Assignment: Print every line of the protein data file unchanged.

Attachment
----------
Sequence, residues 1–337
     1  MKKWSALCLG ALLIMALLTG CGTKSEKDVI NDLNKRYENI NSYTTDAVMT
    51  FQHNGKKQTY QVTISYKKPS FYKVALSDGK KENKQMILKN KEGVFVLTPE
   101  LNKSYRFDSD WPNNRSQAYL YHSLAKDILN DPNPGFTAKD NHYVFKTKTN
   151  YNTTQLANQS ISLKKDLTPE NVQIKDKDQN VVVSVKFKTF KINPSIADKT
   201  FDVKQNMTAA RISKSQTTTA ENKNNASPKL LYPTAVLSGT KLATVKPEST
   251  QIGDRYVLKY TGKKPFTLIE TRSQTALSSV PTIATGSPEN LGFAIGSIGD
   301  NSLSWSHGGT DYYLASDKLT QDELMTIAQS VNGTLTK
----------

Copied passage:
Sequence, residues 1–337
     1  MKKWSALCLG ALLIMALLTG CGTKSEKDVI NDLNKRYENI NSYTTDAVMT
    51  FQHNGKKQTY QVTISYKKPS FYKVALSDGK KENKQMILKN KEGVFVLTPE
   101  LNKSYRFDSD WPNNRSQAYL YHSLAKDILN DPNPGFTAKD NHYVFKTKTN
   151  YNTTQLANQS ISLKKDLTPE NVQIKDKDQN VVVSVKFKTF KINPSIADKT
   201  FDVKQNMTAA RISKSQTTTA ENKNNASPKL LYPTAVLSGT KLATVKPEST
   251  QIGDRYVLKY TGKKPFTLIE TRSQTALSSV PTIATGSPEN LGFAIGSIGD
   301  NSLSWSHGGT DYYLASDKLT QDELMTIAQS VNGTLTK